Writer-At-Large: A Conversation With Ben Roazen of HYPEBEAST
Tell us about yourself and how you became a writer/editor:
So I started writing on the Internet in college. I was actually working as an intern for a publisher, flagging copies of Arts & Fashion magazines like Flaunt, Twelv and Document when a couple friends put me in touch with editors at a couple music blogs like MetroJolt and Impressions of Sound. I wrote pieces and reviews for both. I wasn’t getting paid much—if anything—back then. I think I got paid $10 per 1000 words at the beginning but that’s how I got my name out there, initially.
Keep in mind that while I was doing all of this quote- unquote legitimate work, I was also tweeting about anything and everything. I’ve always been a menace on the Internet.
Eventually, I applied for an internship at Pigeons & Planes while I was studying abroad. My editors, Alex and Jacob, were great and they taught me a bunch about music, writing and writing about music. Shoutout Jinx, John W, Graham, Adri and the rest of the P&P gang, too. While I was at P&P, I also wrote a little bit for the now-defunct Four Pins. Then I interned for The FADER, transcribing and archiving interviews, helping out with events, trawling the Internet for new artists.
Basically, I became a writer by writing for anyone and everyone that would have me, initially. If a site wouldn’t host it or an editor didn’t respond—I’d just find a way to put it out, be it on Twitter or something like that. When I was starting out I wrote a lot for cheap and a lot more for free. I wouldn’t do that again though, if I had another go at it.
I’ve also ghost-written for rappers and tech CEOs.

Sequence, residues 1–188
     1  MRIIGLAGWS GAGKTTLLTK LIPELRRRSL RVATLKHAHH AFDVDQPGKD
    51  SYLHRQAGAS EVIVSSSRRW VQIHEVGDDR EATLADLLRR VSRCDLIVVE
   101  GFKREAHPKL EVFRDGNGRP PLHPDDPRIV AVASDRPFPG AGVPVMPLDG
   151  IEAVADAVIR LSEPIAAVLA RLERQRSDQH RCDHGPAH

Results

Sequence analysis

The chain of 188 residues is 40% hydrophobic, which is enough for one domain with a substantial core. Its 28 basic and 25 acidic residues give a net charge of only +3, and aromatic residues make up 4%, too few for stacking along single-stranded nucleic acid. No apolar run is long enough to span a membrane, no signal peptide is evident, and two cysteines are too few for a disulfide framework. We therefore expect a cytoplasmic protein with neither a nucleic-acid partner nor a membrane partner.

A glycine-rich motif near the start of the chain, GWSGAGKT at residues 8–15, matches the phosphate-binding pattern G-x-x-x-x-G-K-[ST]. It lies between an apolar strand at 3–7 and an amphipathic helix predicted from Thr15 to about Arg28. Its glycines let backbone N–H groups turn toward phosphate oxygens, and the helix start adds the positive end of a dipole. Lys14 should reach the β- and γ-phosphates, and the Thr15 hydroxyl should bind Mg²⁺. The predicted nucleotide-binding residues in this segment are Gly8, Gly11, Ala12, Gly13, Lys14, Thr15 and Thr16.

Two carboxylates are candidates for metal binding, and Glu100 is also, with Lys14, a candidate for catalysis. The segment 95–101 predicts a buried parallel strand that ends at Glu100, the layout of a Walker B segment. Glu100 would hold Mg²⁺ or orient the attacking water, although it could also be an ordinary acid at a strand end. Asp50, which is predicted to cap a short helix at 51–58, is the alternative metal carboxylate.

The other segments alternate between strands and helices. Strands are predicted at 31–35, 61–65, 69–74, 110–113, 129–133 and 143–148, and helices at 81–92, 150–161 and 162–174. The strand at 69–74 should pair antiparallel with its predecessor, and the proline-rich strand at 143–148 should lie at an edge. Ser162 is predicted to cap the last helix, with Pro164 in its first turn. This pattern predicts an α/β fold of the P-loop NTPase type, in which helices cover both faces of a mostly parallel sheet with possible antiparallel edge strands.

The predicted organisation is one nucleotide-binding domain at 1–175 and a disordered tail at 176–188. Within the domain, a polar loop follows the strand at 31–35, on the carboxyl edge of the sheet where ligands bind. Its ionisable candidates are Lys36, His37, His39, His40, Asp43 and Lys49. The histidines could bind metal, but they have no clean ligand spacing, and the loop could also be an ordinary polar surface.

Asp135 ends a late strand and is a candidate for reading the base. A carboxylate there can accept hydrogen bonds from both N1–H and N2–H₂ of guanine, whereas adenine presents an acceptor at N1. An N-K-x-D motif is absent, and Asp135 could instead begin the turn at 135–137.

Can you explain how you began working for HYPEBEAST?
While I was interning at The FADER, I saw and applied for an editorial job listing at HYPEBEAST. They got back to me, I interviewed with them and started interning pretty much immediately, doing double duty between there and The FADER.
So what was the moment you realised you wanted to write and build articles? Was there a specific moment or did it come quite organically to you?
I think it was definitely when I was hauling copy around during my internship days: I used to work annotating and running magazines up into mailrooms around the city and it was pretty thankless work. Basically, I flipped through mags flagging certain brands—Gucci, Dolce & Gabbana, Diesel, what-have-you—and then running those copies up into brands’ mailrooms for them to peruse. You feel pretty invisible working in the mailroom, but it’s essential for what magazines and brands do. With everyone getting jobs off clout and social media these days, I wonder how many people are actually gonna start in the mailroom, like Spider-Man, or if that entire hustle is gonna die out. The mailroom is where the real superheroes are made.
Anyway, on one of those runs I just remembered thinking that my endgame was to decide what was actually inside of the magazines. Eventually, I figured out that was called working in editorial.
As far as writing goes, I’ve been doing that as far back as I remember. I edited my high school’s literary magazine— that’s probably the earliest editorial credit I’ve got to my name, ha.